After kissing bassist Ross MacDonald on the mouth, Healy then added: “I am sorry if that offends you and you’re religious and it’s part of your fucking government, but your government are a bunch of fucking retards and I don’t care anymore.”

The 1975’s slot was subsequently cut short after 30 minutes and the remaining two days of the festival axed.

It was revealed today (7 August) that FSA, which described the cancellation as “a catastrophic financial blow”, has served the UK band with a letter of claim – demanding the group “acknowledge their liability and provide compensation to FSA for the damages incurred”, warning that “failure to comply will lead to FSA pursuing legal action in the courts of England”.

“FSA would like to reiterate their strong disapproval of the band’s behaviour during their performance at GVF”

“FSA would like to reiterate their strong disapproval of the band’s behaviour during their performance at GVF2023,” says a statement by the firm. “In particular, lead singer Matthew Timothy Healy’s use of abusive language, equipment damage, and indecent stage behaviour not only flagrantly breached local guidelines and Malaysian laws but also tarnished the reputation of the 10-year-old festival.”

Representatives for The 1975, who previously played GVF in 2016, have declined to comment, but Healy appeared to make light of the controversy during the group’s Lollapalooza headline slot in Chicago on Friday (4 August), telling the audience: “You want my travel tip? Don’t go to…”

In a press conference held late last month, FSA founder Ben Law said GVF was curtailed due to Healy’s “unruly conduct, which included the use of abusive or provocative language, destroying equipment and engaging in an indecent act on stage”.

“He blatantly contravened local performance guidelines and violated our country’s laws and regulations,” said Law. “We do not accept or condone such behaviour, and Matty Healy’s conduct deserves to be condemned. His display has left a trail of consequences for Malaysians. This incident was isolated and unforeseen, and contrary to the agreement we have with the band.

“Every artist, local or international, that we contract undergoes a clear discussion regarding these guidelines. We had The 1975’s management team assurance that they would adhere to local laws and regulations — in writing. We even further reiterated it with the tour manager prior to their performance.”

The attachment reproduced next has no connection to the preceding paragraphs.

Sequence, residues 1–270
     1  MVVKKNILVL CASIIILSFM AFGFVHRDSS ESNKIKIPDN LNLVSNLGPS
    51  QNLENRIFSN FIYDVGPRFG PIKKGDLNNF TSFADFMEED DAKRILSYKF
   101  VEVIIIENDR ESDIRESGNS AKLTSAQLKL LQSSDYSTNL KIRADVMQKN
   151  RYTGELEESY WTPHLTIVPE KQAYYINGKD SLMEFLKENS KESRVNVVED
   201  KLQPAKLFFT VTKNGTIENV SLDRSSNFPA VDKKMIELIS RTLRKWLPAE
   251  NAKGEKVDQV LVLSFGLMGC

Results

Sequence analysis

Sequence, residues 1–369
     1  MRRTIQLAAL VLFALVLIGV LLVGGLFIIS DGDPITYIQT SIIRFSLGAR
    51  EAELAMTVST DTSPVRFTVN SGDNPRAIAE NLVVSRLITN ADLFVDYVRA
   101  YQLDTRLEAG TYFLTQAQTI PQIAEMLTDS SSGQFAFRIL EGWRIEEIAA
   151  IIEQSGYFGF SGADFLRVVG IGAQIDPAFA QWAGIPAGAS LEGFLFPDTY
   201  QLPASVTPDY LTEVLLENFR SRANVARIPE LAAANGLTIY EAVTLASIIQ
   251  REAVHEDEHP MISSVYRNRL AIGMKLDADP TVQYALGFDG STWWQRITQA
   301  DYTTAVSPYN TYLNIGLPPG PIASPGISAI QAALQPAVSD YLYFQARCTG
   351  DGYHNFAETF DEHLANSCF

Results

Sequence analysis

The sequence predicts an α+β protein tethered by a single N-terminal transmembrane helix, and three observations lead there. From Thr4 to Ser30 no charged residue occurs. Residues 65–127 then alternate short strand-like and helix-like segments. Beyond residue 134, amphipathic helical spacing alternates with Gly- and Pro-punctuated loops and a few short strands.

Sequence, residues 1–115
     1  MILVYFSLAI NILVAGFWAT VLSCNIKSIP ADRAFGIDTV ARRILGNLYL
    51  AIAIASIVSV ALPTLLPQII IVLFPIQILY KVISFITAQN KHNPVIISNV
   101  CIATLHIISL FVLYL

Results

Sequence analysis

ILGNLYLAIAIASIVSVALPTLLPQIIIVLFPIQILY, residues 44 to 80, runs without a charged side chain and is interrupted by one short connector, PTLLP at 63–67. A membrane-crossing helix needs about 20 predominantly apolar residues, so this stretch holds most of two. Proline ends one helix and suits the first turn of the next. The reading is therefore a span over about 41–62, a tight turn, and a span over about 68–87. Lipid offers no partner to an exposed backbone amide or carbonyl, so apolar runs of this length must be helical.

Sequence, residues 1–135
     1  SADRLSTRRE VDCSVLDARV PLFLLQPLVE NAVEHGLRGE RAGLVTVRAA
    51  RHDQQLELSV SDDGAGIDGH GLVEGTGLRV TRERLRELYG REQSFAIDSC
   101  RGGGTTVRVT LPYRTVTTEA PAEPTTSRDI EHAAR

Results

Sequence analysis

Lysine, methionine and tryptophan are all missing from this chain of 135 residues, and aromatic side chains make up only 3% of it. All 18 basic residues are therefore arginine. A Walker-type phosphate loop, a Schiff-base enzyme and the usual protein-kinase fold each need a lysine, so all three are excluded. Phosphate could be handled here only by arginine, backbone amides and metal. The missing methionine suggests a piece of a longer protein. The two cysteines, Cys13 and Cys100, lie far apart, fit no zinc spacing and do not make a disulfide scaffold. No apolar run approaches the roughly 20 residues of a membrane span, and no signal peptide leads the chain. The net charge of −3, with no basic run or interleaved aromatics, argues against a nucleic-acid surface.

GVF’s 10th anniversary edition was scheduled to run at Sepang International Circuit from 21-23 July and feature performances by the likes of The Strokes, The Kid Laroi and Dermot Kennedy. The controversy has reportedly led Sepang Municipal Council to rule that only local artists will be permitted to perform in the district “for the time being”.

The 1975 could also face a class action lawsuit from Malaysian artists and vendors.

 


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Malaysian live biz unites over The 1975 fiasco

The promoter of Malaysia’s Good Vibes Festival (GVF) has attempted to set the record straight over The 1975’s aborted headline set, which resulted in the event’s cancellation.

The band’s performance last Friday (21 July) was cut short and the Future Sound Asia (FSA)-promoted festival’s remaining two days cancelled after frontman Matty Healy slammed Malaysia’s strict anti-LGBT laws and kissed bassist Ross MacDonald on stage. Homosexuality is a crime in Malaysia, punishable by 20 years in prison.

In a press conference held last night (27 July), FSA founder Ben Law said the set was curtailed due to Healy’s “unruly conduct, which included the use of abusive or provocative language, destroying equipment and engaging in an indecent act on stage”.

“He blatantly contravened local performance guidelines and violated our country’s laws and regulations,” said Law. “We do not accept or condone such behaviour, and Matty Healy’s conduct deserves to be condemned. His display has left a trail of consequences for Malaysians. This incident was isolated and unforeseen, and contrary to the agreement we have with the band.

“Every artist, local or international, that we contract undergoes a clear discussion regarding these guidelines. We had The 1975’s management team assurance that they would adhere to local laws and regulations — in writing. We even further reiterated it with the tour manager prior to their performance.”

“We are looking forward to possibly devising a framework which would specifically cater to the unique characteristics of multi-day and multi-act music festivals”

FSA described the festival’s cancellation as “a catastrophic financial blow”, while the band could face a class action lawsuit from Malaysian artists and vendors.

Healy’s sole public comment since the incident came via an Instagram post on Saturday, which said: “OK, well why don’t you try and not make out with Ross for 20 years. Not as easy as it looks.”

GVF’s 10th anniversary edition was scheduled to run at Sepang International Circuit from 21-23 July and feature performances by the likes of The Strokes, The Kid Laroi and Dermot Kennedy. The controversy has reportedly led Sepang Municipal Council to rule that only local artists will be permitted to perform in the district “for the time being”.